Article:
Mexican Beaded Lizard

Throughout central and western Mexico southward to northern Central America.

Found in semi-arid rocky regions; sparsely vegetated canyon bottoms, open forest, and washes. They are often found sunning on rock ledges.

Adult female Mexican Beaded Lizards grow to about 30 inches in length and weigh 4 to 5 pounds. Males are slightly larger, growing to 3 feet and weighing up to 8 ½ pounds.

Distinguishing Characteristics:
The tail is the longest portion of the lizard, nearly 50 percent of the total length. The scales are bead-like and are predominately dark black or brown on the top and bottom of the lizard. Yellow spots are scattered along the tail and the neck.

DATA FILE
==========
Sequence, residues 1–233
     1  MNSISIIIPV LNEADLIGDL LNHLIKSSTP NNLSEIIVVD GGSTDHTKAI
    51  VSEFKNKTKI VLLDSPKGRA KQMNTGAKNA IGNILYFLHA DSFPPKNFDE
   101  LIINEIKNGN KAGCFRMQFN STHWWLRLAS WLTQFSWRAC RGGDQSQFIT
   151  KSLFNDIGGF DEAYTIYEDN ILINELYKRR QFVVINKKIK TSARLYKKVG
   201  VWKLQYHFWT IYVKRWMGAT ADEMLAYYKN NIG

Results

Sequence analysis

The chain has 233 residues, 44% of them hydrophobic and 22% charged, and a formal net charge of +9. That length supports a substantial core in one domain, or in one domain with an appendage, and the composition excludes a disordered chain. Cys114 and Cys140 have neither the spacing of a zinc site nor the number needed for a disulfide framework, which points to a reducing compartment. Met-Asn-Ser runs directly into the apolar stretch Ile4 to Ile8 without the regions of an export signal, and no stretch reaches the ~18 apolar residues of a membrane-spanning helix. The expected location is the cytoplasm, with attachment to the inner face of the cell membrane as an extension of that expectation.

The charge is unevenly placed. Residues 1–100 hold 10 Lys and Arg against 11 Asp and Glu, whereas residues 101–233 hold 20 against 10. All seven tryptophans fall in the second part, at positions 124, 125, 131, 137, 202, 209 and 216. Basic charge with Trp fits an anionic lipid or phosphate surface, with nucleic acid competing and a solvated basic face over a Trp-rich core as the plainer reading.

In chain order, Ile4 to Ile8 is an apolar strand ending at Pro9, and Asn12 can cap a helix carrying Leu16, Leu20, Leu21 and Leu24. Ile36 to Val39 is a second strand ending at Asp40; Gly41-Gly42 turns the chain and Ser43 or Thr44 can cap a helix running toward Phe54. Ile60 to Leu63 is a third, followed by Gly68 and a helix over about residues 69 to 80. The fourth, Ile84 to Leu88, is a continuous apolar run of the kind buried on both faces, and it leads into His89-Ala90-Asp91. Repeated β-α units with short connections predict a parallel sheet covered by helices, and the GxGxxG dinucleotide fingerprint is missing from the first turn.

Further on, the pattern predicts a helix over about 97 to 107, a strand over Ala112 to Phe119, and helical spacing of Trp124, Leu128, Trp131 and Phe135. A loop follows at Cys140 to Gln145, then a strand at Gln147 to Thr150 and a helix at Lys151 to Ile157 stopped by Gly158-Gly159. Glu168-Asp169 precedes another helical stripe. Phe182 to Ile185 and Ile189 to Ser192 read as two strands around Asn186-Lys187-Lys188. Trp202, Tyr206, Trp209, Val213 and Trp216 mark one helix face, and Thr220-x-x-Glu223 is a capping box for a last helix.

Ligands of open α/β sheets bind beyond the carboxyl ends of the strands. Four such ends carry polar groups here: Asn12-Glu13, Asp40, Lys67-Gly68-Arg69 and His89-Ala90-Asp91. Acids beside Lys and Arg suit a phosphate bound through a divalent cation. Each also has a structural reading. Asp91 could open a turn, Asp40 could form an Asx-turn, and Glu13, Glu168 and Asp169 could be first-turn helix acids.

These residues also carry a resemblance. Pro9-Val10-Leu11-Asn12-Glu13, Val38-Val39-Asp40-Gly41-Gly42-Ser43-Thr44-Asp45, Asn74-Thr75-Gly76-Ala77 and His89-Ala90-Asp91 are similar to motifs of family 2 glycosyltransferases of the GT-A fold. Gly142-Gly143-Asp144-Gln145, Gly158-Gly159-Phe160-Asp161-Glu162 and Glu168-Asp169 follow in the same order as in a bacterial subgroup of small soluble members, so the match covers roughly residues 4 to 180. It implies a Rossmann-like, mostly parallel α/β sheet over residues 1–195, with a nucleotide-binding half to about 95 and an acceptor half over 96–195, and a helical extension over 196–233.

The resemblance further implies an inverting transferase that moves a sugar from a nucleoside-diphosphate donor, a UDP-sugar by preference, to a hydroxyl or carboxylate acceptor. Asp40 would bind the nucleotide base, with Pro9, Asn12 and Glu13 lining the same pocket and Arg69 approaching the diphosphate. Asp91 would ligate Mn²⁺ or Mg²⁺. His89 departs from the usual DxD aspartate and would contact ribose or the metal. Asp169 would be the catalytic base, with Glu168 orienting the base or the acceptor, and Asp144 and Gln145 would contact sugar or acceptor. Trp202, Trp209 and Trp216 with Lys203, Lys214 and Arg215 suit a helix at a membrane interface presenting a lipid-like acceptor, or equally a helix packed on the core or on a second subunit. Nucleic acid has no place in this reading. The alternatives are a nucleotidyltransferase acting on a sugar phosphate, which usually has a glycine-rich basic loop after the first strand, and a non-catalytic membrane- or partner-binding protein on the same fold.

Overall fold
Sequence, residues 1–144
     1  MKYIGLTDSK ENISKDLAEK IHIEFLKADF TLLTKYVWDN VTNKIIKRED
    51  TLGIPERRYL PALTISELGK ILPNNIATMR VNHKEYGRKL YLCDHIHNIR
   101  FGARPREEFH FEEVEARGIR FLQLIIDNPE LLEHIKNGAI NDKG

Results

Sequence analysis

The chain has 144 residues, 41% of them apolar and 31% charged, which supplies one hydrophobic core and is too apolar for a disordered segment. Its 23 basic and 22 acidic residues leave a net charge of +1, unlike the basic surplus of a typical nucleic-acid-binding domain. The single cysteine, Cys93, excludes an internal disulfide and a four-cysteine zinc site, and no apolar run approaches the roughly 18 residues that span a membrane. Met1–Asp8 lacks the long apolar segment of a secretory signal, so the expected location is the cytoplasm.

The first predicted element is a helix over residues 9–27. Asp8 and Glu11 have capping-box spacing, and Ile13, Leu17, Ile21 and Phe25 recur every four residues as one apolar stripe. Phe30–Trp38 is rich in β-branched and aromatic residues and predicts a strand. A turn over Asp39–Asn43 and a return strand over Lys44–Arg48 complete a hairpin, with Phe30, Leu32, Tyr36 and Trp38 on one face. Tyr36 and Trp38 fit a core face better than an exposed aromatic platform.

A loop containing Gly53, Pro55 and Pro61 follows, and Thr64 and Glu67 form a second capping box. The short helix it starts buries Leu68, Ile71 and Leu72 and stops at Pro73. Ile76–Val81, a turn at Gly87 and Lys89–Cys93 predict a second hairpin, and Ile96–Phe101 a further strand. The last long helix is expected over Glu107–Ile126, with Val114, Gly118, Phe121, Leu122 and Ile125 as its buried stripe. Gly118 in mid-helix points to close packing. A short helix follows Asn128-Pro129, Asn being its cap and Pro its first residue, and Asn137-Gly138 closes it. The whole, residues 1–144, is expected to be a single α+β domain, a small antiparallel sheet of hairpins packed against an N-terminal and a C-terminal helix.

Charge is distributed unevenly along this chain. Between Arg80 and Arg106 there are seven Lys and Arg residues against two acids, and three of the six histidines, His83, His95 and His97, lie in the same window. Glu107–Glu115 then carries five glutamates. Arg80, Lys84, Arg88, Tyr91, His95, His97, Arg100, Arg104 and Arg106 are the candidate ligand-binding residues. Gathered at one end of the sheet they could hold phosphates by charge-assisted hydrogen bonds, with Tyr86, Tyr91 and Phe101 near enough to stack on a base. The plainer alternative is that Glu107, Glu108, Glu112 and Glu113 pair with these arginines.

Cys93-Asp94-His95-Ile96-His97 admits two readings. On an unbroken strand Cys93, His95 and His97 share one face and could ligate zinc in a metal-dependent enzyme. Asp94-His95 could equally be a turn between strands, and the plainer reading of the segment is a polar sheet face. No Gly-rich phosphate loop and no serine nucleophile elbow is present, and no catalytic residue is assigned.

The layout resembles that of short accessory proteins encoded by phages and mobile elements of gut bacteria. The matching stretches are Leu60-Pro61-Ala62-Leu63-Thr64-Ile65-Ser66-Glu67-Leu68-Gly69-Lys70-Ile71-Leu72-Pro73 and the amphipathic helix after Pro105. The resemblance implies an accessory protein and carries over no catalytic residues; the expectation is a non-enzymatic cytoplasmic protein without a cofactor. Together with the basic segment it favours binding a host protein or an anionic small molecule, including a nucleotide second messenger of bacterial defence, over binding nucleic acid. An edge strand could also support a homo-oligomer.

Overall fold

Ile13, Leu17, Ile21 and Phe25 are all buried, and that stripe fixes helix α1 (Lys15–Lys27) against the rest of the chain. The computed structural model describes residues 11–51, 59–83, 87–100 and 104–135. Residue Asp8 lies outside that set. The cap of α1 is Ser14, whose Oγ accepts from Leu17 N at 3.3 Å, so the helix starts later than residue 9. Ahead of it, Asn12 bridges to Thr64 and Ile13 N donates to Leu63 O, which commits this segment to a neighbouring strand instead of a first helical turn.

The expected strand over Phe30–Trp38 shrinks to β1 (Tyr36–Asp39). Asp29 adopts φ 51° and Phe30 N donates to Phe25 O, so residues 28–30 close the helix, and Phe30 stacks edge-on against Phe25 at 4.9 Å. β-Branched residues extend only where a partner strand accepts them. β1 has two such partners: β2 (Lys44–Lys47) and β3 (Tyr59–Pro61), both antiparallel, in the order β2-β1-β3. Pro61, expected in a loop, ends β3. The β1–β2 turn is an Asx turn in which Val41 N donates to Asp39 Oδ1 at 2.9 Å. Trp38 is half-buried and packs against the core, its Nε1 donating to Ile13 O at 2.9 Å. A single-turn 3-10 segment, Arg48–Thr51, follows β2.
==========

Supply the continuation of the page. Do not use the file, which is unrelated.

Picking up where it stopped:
Dietary Classification: Carnivore
Diet in Zoo: crickets, wax worms, pinkie mice
Diet in Wild: small mammals, birds, lizards, frogs, insects, and eggs of birds and reptiles;

They can live up to 20 years in the wild; possibly longer in captivity.

When eating, all their prey is swallowed whole, except for eggs, which are broken first. When food is scarce the Mexican Beaded Lizard lives off fat reserves in its tail. The Mexican Beaded Lizard and the Gila Monster are possibly the only two venomous lizards in the world.

The Mexican Beaded Lizard is protected under the Convention on International Trade in Endangered Species of Wild Flora and Fauna and is classified as Vulnerable by the International Union for the Conservation of Nature and Natural Resources (IUCN).